Open Access Research

The association of near-infrared spectroscopy-derived tissue oxygenation measurements with sepsis syndromes, organ dysfunction and mortality in emergency department patients with sepsis

Nathan I Shapiro1*, Ryan Arnold2, Robert Sherwin3, Jennifer O'Connor1, Gabriel Najarro1, Sam Singh4, David Lundy2, Teresa Nelson5, Stephen W Trzeciak26, Alan E Jones5 and the Emergency Medicine Shock Research Network (EMShockNet)

Author Affiliations

1 Department of Emergency Medicine and Center for Vascular Biology Research, Beth Israel Deaconess Medical Center and Harvard Medical School, 330 Brookline Avenue, Boston, MA 02215, USA

2 Department of Emergency Medicine, Cooper University Hospital and the University of Medicine and Dentistry of New Jersey-Robert Wood Johnson Medical School at Camden, One Cooper Plaza, Camden, NJ 08103, USA

3 Department of Emergency Medicine, Detroit Receiving Hospital and Wayne State University, 4201 St Antoine 6G, UHC, Detroit, MI 48201, USA

4 Department of Emergency Medicine, University of Mississippi Medical Center, 2500 North State Street, Jackson, MS 39211 USA

5 Technomics Research, LLC, 1815 Medina Road, Minneapolis, MN 55356, USA

6 Department of Critical Care, Cooper University Hospital and University of Medicine and Dentistry of New Jersey-Robert Wood Johnson Medical School at Camden, One Cooper Plaza, Camden, NJ 08103, USA

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Critical Care 2011, 15:R223  doi:10.1186/cc10463


The electronic version of this article is the complete one and can be found online at: http://ccforum.com/content/15/5/R223


Received:10 April 2011
Revisions received:12 July 2011
Accepted:22 September 2011
Published:22 September 2011

© 2011 Shapiro et al.; licensee BioMed Central Ltd.

This is an open access article distributed under the terms of the Creative Commons Attribution License (http://creativecommons.org/licenses/by/2.0), which permits unrestricted use, distribution, and reproduction in any medium, provided the original work is properly cited.

Abstract

Introduction

Near-infrared spectroscopy (NIRS) noninvasively measures peripheral tissue oxygen saturation (StO2). NIRS may be utilized along with a vascular occlusion test, in which limb blood flow is temporarily occluded and released, to quantify a tissue bed's rate of oxygen exchange during ischemia and recovery. The objective of this study was to test the hypothesis that NIRS-derived StO2 measures (StO2 initial, StO2 occlusion and StO2 recovery) identify patients who are in shock and at increased risk of organ dysfunction (Sequential Organ Failure Assessment (SOFA) score ≥ 2 at 24 hours) and dying in the hospital.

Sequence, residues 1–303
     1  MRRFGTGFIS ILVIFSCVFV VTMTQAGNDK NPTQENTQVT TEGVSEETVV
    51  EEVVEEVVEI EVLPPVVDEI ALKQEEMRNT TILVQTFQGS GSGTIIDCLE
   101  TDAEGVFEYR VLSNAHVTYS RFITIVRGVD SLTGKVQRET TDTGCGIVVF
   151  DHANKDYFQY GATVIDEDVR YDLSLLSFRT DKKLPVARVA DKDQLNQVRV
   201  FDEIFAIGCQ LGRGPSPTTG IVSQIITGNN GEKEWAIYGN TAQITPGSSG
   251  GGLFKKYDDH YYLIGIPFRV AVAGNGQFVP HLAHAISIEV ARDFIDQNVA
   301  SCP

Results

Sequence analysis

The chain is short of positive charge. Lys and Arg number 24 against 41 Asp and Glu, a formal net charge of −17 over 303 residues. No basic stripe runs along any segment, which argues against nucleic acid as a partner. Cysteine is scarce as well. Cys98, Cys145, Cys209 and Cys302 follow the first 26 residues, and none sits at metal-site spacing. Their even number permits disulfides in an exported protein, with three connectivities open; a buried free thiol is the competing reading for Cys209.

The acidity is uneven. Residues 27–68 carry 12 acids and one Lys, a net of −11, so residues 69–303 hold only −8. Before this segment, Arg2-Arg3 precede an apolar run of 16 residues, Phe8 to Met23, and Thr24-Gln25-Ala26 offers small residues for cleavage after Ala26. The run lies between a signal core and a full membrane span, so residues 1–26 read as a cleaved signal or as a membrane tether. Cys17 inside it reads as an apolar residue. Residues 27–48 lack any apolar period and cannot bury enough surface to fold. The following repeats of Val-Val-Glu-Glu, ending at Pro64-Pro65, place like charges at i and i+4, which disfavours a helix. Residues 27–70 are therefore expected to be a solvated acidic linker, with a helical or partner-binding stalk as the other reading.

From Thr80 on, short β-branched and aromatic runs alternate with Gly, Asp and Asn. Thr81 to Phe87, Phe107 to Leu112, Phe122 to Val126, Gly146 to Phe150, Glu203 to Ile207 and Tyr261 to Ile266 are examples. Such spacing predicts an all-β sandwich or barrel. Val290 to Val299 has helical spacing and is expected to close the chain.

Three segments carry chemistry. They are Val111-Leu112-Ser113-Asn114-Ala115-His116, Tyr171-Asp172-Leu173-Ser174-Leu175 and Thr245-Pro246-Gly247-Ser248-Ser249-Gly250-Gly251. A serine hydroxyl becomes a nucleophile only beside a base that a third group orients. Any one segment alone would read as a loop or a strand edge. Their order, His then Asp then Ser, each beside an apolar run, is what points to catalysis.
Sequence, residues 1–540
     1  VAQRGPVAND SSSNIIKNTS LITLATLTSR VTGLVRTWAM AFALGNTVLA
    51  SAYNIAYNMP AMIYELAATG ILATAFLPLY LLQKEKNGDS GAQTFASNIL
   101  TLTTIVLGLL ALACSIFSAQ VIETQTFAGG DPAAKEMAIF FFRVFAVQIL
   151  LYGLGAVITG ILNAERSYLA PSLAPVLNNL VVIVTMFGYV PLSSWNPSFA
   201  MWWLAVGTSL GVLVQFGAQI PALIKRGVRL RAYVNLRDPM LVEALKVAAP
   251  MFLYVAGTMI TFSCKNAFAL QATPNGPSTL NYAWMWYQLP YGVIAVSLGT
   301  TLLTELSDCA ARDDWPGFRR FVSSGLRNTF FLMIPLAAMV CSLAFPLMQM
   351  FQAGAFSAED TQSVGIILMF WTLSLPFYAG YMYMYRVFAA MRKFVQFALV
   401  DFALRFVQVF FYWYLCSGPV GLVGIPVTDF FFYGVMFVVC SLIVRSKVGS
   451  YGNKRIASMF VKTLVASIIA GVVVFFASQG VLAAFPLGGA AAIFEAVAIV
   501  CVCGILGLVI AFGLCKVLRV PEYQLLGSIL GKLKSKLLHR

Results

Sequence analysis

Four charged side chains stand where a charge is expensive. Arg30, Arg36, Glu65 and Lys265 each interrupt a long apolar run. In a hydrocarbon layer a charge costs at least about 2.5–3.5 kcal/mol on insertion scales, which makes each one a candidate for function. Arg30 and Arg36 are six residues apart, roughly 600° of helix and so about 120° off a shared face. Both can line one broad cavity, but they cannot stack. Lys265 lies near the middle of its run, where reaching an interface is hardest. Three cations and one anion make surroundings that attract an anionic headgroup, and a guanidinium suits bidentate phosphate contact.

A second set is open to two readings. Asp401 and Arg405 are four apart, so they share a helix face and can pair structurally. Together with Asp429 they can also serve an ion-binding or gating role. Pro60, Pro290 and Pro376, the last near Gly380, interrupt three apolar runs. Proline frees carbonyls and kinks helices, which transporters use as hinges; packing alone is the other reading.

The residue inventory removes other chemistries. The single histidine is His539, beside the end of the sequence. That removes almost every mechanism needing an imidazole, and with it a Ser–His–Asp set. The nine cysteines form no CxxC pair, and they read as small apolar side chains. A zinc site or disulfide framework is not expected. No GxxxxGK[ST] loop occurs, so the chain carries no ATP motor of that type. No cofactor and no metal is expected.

Methods

This prospective, observational study comprised a convenience sample of three cohorts of adult patients (age > 17 years) at three urban university emergency departments: (1) a septic shock cohort (systolic blood pressure < 90 after fluid challenge; the "SHOCK" cohort, n = 58), (2) a sepsis without shock cohort (the "SEPSIS" cohort, n = 60) and emergency department patients without infection (n = 50). We measured the StO2 initial, StO2 occlusion and StO2 recovery slopes for all patients. Outcomes were sepsis syndrome severity, organ dysfunction (SOFA score at 24 hours) and in-hospital mortality.

Results

Among the 168 patients enrolled, mean initial StO2 was lower in the SHOCK cohort than in the SEPSIS cohort (76% vs 81%), with an impaired occlusion slope (-10.2 and 5.2%/minute vs -13.1 and 4.4%/minute) and an impaired recovery slope (2.4 and 1.6%/second vs 3.9 and 1.7%/second) (P < 0.001 for all). The recovery slope was well-correlated with SOFA score at 24 hours (-0.35; P < 0.001), with a promising area under the curve (AUC) for mortality of 0.81. The occlusion slope correlation with SOFA score at 24 hours was 0.21 (P < 0.02), with a fair mortality AUC of 0.70. The initial StO2 was significantly but less strongly correlated with SOFA score at 24 hours (-0.18; P < 0.04), with a poor mortality AUC of 0.56.

Conclusions

NIRS measurements for the StO2 initial, StO2 occlusion and StO2 recovery slope were abnormal in patients with septic shock compared to sepsis patients. The recovery slope was most strongly associated with organ dysfunction and mortality. Further validation is warranted.

Trial registration

NCT01062685

Introduction